Live Review: Lady Gaga @ Twickenham Stadium

on Monday, September 17, 2012
Lady Gaga live at Twickenham Stadium (9 Sept '12) // Words: Rajan Lakhani

When I walked into work and said I’d been to see Lady Gaga at Twickenham, the reaction was mainly ‘she’s mad’. Given the supposed storyline of the concert, it was very difficult to argue against this. From what I could work out, Lady Gaga is an alien which has escaped from her mother planet, the Government Owned Alien Planet (GOAT) to take in the art, culture and music of the various nations on Earth to form a new race. Make sense? No, me neither.

But this half-baked concept isn’t what the concert should be judged on. It’s about the entertainment, showmanship and ultimately, the songs and Gaga has all this in spades. Her voice is even more impressive given the complex and surely exhausting dance routines. She commands the audience and dominates the castle-shaped stage with a confidence and poise that I’ve rarely seen in all the gigs I’ve attended.

With so many children in attendance, you would have thought Gaga might have thought about toning down the act but this is quickly dispelled by the raunchy routines with her dancers from the start and her cry to the audience of "Get your pussies off the floor".

The concert is littered with tongue-in-cheek comments, demonstrating Gaga doesn’t take herself as seriously as perhaps the critics would believe. Deep down, you know she sees this very much as a show, two and a half hours or so of escapism for her audience. This is reinforced by her comments that the party can still go after the concert, even it means a hangover on the Monday!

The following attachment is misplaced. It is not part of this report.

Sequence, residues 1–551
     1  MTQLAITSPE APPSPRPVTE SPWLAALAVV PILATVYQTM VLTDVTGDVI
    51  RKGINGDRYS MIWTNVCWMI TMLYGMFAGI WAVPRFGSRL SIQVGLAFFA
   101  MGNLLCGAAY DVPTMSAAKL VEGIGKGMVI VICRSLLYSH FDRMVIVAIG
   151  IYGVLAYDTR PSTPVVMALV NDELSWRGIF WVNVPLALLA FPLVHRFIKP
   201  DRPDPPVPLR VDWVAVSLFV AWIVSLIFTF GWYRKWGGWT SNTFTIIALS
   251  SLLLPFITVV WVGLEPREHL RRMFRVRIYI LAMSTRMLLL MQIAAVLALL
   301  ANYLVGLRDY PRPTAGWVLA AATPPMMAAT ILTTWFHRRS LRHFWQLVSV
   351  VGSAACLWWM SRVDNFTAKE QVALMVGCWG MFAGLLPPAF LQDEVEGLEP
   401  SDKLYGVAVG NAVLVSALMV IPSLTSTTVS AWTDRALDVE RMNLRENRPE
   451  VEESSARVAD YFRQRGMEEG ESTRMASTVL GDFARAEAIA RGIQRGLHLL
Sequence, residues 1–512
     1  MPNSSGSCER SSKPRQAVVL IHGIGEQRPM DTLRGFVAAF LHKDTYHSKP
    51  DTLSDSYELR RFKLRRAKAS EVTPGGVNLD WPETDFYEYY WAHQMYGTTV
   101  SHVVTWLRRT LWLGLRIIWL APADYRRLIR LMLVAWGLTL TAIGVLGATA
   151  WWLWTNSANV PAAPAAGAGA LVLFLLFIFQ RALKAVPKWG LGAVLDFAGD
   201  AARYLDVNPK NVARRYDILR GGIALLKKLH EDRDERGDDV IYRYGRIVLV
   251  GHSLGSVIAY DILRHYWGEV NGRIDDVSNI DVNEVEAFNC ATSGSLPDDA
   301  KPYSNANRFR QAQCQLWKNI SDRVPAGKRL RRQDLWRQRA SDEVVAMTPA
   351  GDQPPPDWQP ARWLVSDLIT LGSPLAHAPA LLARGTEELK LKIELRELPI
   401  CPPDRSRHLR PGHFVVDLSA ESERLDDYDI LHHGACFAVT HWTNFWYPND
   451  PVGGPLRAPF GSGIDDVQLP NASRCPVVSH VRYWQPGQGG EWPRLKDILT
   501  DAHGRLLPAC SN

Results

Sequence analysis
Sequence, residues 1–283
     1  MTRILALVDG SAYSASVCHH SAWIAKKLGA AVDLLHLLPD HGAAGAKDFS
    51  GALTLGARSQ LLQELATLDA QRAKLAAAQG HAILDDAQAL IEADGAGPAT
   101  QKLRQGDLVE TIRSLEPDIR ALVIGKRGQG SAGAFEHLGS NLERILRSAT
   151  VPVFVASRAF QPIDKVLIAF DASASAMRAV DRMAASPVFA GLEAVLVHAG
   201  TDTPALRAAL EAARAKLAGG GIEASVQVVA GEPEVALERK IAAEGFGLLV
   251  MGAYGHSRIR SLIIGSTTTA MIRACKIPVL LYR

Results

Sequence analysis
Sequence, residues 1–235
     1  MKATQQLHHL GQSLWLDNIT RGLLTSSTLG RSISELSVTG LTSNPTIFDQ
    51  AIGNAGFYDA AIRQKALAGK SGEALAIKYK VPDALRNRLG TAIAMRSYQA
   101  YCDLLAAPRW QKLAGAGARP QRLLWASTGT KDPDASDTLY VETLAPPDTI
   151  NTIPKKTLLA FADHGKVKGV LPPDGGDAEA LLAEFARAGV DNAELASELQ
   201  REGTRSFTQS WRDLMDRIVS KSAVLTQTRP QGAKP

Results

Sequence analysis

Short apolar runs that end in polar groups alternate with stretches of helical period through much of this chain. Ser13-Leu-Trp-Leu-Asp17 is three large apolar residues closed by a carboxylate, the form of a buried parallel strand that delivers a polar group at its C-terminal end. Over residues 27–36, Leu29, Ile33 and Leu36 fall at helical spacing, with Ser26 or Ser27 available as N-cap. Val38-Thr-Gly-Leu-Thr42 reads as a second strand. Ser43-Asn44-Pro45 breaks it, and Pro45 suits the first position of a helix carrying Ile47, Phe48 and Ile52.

The highlight for me was 'Judas', followed by 'Bad Romance'. It felt apt for two songs to be played consecutively as feel like musical cousins with their similar intros. Over the course of the concert, it becomes apparent how much she has grown as an artist with her earlier songs such as 'Just Dance' seeming a little slight in comparison to full-blown pop epics such as 'Edge Of Glory'.

Unsurprisingly, she slows things down around two-thirds of the way into the concert, which sees Gaga at her most goofy and is all the more endearing for it. Reminding the crowd of her apprenticeship in New York bars, she plays a handful of songs on the piano and converses with the crowd.

The only downside is the cloying 'Princess Die', an ode to Princess Diana. Despite its shortcomings, the song is representative of Gaga’s integration of popular culture touchstones into her act, whether it’s the sci-fi bombast of 'Alien' and 'Star Trek' or the musical styles of Springsteen, Whitney, Madonna and Bowie. And like the latter, Gaga is a magpie, not ashamed to take ideas from other artists and reinterpret them.

Whatever her motives, it is difficult to question is her relationship with her ‘Little Monsters’, which is beyond the levels of adulation for large swathes of the crowd. In return, there is no doubt about her love for her fans. No pop star has done more to embrace the freaks/outsiders/weirdos and even to the most hardened cynic, it must be genuinely heartening that these kids have got someone a pop star of such standing routing for them, bringing their issues to a wider audience. To demonstrate this relationship, she gets a few of her fans towards the end of the concert to join her on stage to perform 'Schei├če'.

Lady Gaga is the right pop star for our times, a contradiction that while pushing the boundaries, is not afraid to betray a traditional outlook, for example not singing ‘no religion too’ in her cover of John Lennon’s 'Imagine'. While at times Gaga’s spiel bordered on a self-help conference, there is no doubt the concert was a triumph, borne out by the overwhelmingly glowing reaction of the 55,000-strong audience. Having made such a significant impact already, the scary thing is you feel she is just getting started.

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